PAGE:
So how do you celebrate Shakespeare’s 450th birthday? The RSC are holding a fireworks display and on Saturday a day of events. The town is expecting bumper crowds on Saturday for its special parade, and for the first time in several years the traditional lunch for 500 people (all tickets were sold within days) is being held in a marquee on a lawn between the theatre and the church.
Back in 1964, for the Quatercentenary, celebrations were massive. Stratford was becoming ever more popular as more people had cars, and international travel was becoming the norm. The plays were screened on TV and in Stratford the RSC was drawing in younger audiences. In his book Celebrating Shakespeare Levi Fox listed the many elements that combined in this great celebration: “a major Shakespeare exhibition, outstanding musical contributions, poetry recitals, films, lectures, an international conference of scholars with folk dance and other local activities set against the background of the Royal Shakespeare Theatre’s productions of a cycle of history plays”.
In Stratford, at Shakespeare’s Birthplace, a new exhibition concentrating on the 1964 celebrations has just opened. Some of the events were described and illustrated in Fox’s book, including “countless festivals, productions and exhibitions, not to mention publications, postage stamps, medals and other commemorative souvenirs, publicized by the press, radio and television”.
There was though a desire to make something permanent out of this special year, and the opening of the Shakespeare Centre was a key part of the 1964 celebrations. The building was, to quote Levi Fox, “originally conceived as a kind of international birthday present to the memory of William Shakespeare”. This idea can be traced back to not long after Fox’s appointment to run the Shakespeare Birthplace Trust in the 1940s. It was made possible by the gifts of Shakespeare-lovers from around the world, and included the work of international craftsmen such as the Hungarians Tibor Reich, a textile designer, and Paul Vincze, a medallist, and New Zealand glass engraver John Hutton.
The building symbolised what Levi Fox and the Trustees wanted the Shakespeare Birthplace Trust to become: it was a combination of modernity and tradition, showing respect for the past, a love of all things Shakespeare, and an awareness that he can only live through the work of the present. Education at all levels was at its heart.
In his book on The Shakespeare Centre, Fox described the new building as “primarily a place for study and research based on the Trust’s library and archive collections” combining as they did the collections of the Birthplace and the Royal Shakespeare Theatre, a move he first suggested in 1946. Standing across the garden from the Birthplace the building’s uncompromising modernity did not please all, but from within its quality is apparent. Hutton’s gorgeous engraved glass panels featuring characters from Shakespeare’s plays can be admired both from within the building and from the garden, and soften the entrance hall in which Douglas Wain-Hobson’s hollow-eyed statue of Shakespeare stares towards the Birthplace. Every detail was considered: Tibor Reich’s green mottled carpet was inspired by seeing a forest from an aeroplane. Warm cherry wood was used for most of the panelling that covered many walls, and the original furniture came from Gordon Russell’s renowned Cotswold workshops.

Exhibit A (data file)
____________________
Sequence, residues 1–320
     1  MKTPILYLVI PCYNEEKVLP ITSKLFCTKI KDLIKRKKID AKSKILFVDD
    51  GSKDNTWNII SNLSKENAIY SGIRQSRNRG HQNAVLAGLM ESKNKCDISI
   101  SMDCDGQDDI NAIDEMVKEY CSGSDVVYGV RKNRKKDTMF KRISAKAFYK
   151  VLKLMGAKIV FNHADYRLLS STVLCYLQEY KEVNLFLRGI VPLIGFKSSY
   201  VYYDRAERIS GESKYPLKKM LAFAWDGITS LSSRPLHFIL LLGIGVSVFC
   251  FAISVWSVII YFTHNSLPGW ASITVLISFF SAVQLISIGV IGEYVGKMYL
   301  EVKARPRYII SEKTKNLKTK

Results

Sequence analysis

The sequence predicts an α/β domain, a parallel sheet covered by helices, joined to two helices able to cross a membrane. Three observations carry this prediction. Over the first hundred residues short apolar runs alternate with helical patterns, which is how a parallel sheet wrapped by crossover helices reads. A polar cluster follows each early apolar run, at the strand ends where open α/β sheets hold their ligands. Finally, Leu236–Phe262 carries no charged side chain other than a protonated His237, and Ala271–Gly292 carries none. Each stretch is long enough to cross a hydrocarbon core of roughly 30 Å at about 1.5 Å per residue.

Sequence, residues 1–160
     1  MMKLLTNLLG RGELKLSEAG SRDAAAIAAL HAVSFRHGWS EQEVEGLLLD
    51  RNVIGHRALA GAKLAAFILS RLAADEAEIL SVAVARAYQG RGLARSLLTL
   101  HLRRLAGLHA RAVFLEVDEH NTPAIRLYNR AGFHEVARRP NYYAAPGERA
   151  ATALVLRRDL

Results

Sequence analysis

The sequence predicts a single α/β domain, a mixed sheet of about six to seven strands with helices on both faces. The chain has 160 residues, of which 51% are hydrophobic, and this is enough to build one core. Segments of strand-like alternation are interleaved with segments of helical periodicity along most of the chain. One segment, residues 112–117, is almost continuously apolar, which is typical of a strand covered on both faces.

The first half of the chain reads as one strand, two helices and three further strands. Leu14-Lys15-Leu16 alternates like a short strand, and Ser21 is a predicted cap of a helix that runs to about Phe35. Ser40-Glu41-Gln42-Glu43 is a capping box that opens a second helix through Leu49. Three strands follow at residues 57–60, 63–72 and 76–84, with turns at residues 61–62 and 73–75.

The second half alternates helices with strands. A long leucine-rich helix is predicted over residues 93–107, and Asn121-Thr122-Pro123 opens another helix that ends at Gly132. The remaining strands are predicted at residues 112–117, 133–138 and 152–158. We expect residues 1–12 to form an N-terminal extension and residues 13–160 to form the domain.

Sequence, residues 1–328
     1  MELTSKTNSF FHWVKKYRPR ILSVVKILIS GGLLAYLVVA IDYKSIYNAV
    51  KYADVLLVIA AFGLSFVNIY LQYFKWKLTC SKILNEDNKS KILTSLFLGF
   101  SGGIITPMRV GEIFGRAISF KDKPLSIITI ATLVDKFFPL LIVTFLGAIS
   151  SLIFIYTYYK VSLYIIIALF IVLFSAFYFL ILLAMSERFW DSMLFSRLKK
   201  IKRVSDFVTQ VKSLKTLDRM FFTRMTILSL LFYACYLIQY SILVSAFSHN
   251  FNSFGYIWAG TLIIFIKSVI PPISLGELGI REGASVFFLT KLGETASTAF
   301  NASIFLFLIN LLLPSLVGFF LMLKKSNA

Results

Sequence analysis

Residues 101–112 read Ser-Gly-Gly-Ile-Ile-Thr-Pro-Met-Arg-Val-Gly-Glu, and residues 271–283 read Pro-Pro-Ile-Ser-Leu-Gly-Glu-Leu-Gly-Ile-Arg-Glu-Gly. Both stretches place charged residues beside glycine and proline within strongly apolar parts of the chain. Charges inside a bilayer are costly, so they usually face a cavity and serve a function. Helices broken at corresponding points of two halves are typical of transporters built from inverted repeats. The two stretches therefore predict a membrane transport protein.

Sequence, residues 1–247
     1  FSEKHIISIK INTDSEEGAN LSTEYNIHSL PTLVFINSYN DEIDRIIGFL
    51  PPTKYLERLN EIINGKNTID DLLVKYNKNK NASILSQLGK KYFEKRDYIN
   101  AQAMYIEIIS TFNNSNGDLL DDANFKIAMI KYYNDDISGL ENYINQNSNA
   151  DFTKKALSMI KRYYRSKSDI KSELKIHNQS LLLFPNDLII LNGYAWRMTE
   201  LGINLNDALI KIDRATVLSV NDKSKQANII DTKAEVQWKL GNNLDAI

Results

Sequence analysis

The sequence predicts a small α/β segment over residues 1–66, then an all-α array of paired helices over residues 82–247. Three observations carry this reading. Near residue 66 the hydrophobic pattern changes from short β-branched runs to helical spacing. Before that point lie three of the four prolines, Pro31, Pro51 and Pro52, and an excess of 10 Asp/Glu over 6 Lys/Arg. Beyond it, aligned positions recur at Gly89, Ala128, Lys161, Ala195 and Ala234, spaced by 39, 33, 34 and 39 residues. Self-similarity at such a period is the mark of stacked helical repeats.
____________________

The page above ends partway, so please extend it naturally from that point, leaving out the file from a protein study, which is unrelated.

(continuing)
My favourite piece in the building is the carved wooden panel designed by Nicolete Gray, standing in what was the Reading Room of the Library where I worked for over twenty-five years. Ahead of its time, the lettering shows the name of Shakespeare not as a solitary genius, but as one among many contemporary writers. The panel is made in five different timbers and many styles of lettering. An impressive piece in its own right it was also totally appropriate for its location and did not overwhelm this compact room. On the central table was a large glass vase by John Hutton, based on the idea of a Greek vase, engraved with the dance of the reapers from The Tempest.
Fifty years on, will the 450th anniversary have a lasting legacy? In Stratford there is much uncertainty about the future of the traditional events, and questions are being asked about Shakespeare’s heritage in a world that has become increasingly complex.
The internet and social media are making huge differences to how people “meet” Shakespeare. But these are turning out to be just new ways of doing the same thing, encouraging people to appreciate and enjoy Shakespeare. I’m currently loving the MOOC Shakespeare and his World that uses the internet to bring real, physical, historic resources from the SBT’s Collections to the fore to explain the background to Shakespeare’s plays. It’s about using what we already have in a new way, and allowing thousands of people at the same time to hear academic Jonathan Bate’s analysis, and to share their responses with each other, free of charge.
Stratford isn’t short of Shakespeare-related buildings, memorials and collections that need support: just recently King Edward VI School has launched a project to open both Shakespeare’s schoolroom and Stratford’s medieval Guildhall to the public. The schoolroom stands above the Guildhall and both are in need of restoration. Part of this process will inevitably include interpreting the spaces to increase their potential for education and enjoyment. Anyone who’s visited these rooms will know how inspiring they are even now and it’s a fitting project for this anniversary year. It will take £1million project of which the school has to raise at least £200,000. Some details are here, and I’ll let TV historian Michael Wood give you the full story in his promotional film.